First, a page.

Meeting someone online is very different, you might meet someone virtually who lives in a different city or country, and because you don’t meet face to face you build a connection through emails, messages and chats.
This type of communication means you are unfortunately vulnerable to fraud.
Any potential dates will likely run your name through a detailed Internet search.They may find your office location on Linked In, your address tagged in an Instagram post, or your phone number linked to a Craigslist ad.However, even with our hard work, we also need your help! Please feel free to report any suspicious activity or member to us the moment you find any. The anonymity of the internet allows people to hide facets of their personality, from a relatively harmless lie about weight, to lies about financial problems and even creating a fake persona – this is called catfishing.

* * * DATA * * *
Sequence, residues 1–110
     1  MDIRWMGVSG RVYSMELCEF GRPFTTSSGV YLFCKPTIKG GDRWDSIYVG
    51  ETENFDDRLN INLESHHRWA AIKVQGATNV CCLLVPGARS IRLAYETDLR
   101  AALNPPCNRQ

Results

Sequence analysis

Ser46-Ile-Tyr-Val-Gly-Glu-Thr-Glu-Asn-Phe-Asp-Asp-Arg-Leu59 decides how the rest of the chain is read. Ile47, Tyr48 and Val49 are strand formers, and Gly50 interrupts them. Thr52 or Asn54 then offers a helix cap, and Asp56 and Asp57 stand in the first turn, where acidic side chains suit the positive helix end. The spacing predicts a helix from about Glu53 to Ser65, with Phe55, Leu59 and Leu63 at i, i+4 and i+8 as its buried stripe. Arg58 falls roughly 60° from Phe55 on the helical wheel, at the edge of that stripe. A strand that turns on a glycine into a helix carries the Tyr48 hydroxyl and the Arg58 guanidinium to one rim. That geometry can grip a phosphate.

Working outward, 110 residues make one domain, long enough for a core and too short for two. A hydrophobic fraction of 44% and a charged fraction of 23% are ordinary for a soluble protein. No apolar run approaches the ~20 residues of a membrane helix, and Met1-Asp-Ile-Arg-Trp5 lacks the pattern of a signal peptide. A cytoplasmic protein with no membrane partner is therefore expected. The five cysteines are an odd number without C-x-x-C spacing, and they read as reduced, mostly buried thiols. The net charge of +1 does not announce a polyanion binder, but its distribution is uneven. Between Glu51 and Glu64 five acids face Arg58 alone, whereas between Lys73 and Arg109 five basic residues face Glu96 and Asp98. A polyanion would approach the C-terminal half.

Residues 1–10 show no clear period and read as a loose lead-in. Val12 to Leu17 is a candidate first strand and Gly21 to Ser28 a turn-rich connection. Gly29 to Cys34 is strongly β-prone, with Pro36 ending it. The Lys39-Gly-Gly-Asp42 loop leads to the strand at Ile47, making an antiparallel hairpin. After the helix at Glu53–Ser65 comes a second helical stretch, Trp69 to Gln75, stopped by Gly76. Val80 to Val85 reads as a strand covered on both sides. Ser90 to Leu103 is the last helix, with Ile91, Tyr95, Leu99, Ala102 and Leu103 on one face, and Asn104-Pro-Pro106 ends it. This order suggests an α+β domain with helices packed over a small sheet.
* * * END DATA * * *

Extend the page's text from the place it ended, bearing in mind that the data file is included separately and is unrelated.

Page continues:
If you aren’t careful, you may be out of pocket and broken-hearted.This starts with the username you pick; avoid something that might give something away about you, such as your surname, age or year of birth.Second, until you’ve met and feel you can trust the person you’ve met online, don’t share your address, where you work or study, your phone number or email address.Whether you are 20, 40 or 60, the internet has changed the way we form romantic relationships.In the past you met your partner through friends, at work or from socialising, now we meet people using apps, social media and dating websites.Commander Chris Greany, the Police National Coordinator for Economic Crime at City of London Police, said criminals target those who they consider vulnerable and more likely to fall for scams: “Our intelligence tells us that people aged 50-59 are the most likely to become a victim of dating fraud and therefore need to be especially careful when going online in search of a partner.” Follow our tips to discover the danger of online dating and how to protect yourself.